This morning my four-year-old son, Arlo, woke up on the other side of our king bed, pushed himself up onto his hands, looked over at me and yawned.
“Morning,” I said.
He gave me a big closed-mouth smile beneath wild blonde curls and scooted against me, as he always does, resting his head against my bare chest.
He slept in our bed until he was three or so. Now he sleeps in another room but invariably toddles in to join us around 3 or 4am. Somehow, I always know he’s coming. Do I hear his footsteps? I wake to watch him wander in the door, and I scoop him up and flip him into our bed, between my husband and me, where we all fall back to sleep.
This morning, he had a question. “Mama, why do you smell so good?”
“What do you mean?”
“Your body. It smells so good. Why do you smell like that? The whole house smells like you, it smells so good. Why does your body smell like that?”
He looked at me with real curiosity, evidently wanting a real answer. I told him I didn’t know, and kissed his head, and thought how sweet that is, a little guy wondering about the elusive smell of the mother – her skin, her sweat, her soap, her shampoo, her odor foul and beautiful.
Who knows what it is, really?
I remember my mother’s smell. I remember the feeling of being against her skin, her arm, the softness and warmth of her body. I remember it felt like home. Like everything would be fine as long as I could inhale that scent, the scent of something I knew like air, though couldn’t define or grasp.
It’s just the way we need our mothers, I suppose. The good ones, at least. The ones who mean all those things.
As a kid, I was preoccupied with the idea of my mother dying. Of her leaving and never returning. I wrote about it in my book. I would sit for hours on the couch, or what felt like hours, rocking and listening to “M.A.S.H” (her favorite show), willing her to not be dead, imagining what I would do if she were. I would work myself into a near frantic fury, sometimes crying, praying, begging God to let her come back, and in my little brain it was so real, the abandonment.
If she wasn’t in the room, she might as well be dead.
Eventually I would hear the garage door go up. I would hear her rustling on the porch.
She’d let me crawl into bed with her. I’d fold against her. Her smell.
Oh, the mother. She’s back.
My son asked me about that today, and it made me think of the children separated from their mothers at our borders, of the visceral, physical pain of a child yearning for her mother, of the actual blood craving a reconnection to all that she knows of home.
In this case, quite literally.
I wonder how you teach somebody to give a shit about that. To not care if the mother is a “criminal” who wandered across arbitrary national lines – although most of them are “guilty” of misdemeanors – to not care if she “shouldn’t” have done that thing, because we are talking about families.
We are talking about a child.
How do you teach somebody to feel the agony of a child aching for his mother’s skin? Her smell. The only one in the world.
The only one in the whole fucking world.
My mother always came back to me. Over time, I knew she would, and I could tell myself “She’ll come back.” But it didn’t help.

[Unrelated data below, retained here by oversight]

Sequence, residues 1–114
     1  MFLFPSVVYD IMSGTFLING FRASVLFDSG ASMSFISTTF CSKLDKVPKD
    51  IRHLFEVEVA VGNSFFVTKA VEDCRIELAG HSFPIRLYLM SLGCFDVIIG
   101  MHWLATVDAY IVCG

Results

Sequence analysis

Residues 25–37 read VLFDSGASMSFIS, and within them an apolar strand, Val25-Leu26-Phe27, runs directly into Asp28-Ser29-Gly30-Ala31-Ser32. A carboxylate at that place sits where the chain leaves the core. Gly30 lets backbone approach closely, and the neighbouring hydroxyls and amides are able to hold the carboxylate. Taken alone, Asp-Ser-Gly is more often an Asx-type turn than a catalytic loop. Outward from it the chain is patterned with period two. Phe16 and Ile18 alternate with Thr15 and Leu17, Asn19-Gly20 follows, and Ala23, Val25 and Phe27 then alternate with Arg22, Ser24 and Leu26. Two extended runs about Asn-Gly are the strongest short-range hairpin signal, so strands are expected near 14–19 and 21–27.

The yearning of a child isn’t rational. It isn’t reasonable and it isn’t intellectual. It is a yearning in the bones, in the blood, in the same blood that raced through the body we shared.
In our womb. In our waters.
I think of those children in beds alone, with no idea where their mother is in that very moment. A phone call or two. A few moments on video. But at night, in the dark, where is she?
Her actual body.
Why do you smell so good?
Because I am yours, son. Because we shared a body once, and when you’re young, it is still somehow ours – and for a long, long time, my body is, for you, that old, sacred home, the one we know in our blood but not our brains, that has no right to be tampered with, because it is our tiny shelter in a giant, unforgiving univers. For those few moments, I am all you have.
I don’t know how to make somebody care about that. Perhaps they forgot their own humanity, their own love and blood.
The smell of home doesn’t give a shit about borders. We deny a child that for political gain. To teach them a lesson. And these people do it in God’s name? The Bible?
How strange these people are, picking and choosing the book’s teachings. Baldwin calls this hypocrisy “self-serving moral cowardice.” Have you ever heard it stated more perfectly?
Because immigrants have “broken the law” (and this, you know, is up for debate), they deserve torture? Their children deserve torture?
Self-serving moral cowardice.
Well damn, I guess I should thank God I had the dumb luck to be birthed me in a nation where we could live safely, not forced to a border to survive. How noble of me!
And you apologists: Thank God you were born in a nation where you don’t understand fleeing your home with nothing but your body, and your baby, who wails for nothing but your sweet sweat. Now, “home.”
I can’t make you see a world you’ve forgotten. But how cold it must be where you live.
Every time I write about this country, if feels obscenely small and self-serving to share my book, and yet, well, I am trying to feed my family, and this is my contribution to the world right now.
Some words. Some truth. I hope it helps some people. We have to remember our creative work matters, maybe now more than ever?
So I’ll keep telling you about it, and this week, I had the nice surprise to learn that Amazon editors chose I’m Just Happy to Be Here as a “Best Book of 2018 So Far” in the
– wait for it –
HUMOR category (?).
Who knew Amazon editors had such a jacked up sense of humor? (This is not an insult.)
Anyway, that made me particularly delighted, because we talk a lot about the seriousness, and not much about the parts where I, at least, laughed my ass off writing it. Nice to see that aspect of it highlighted.
Thank you, Amazon editorial staff.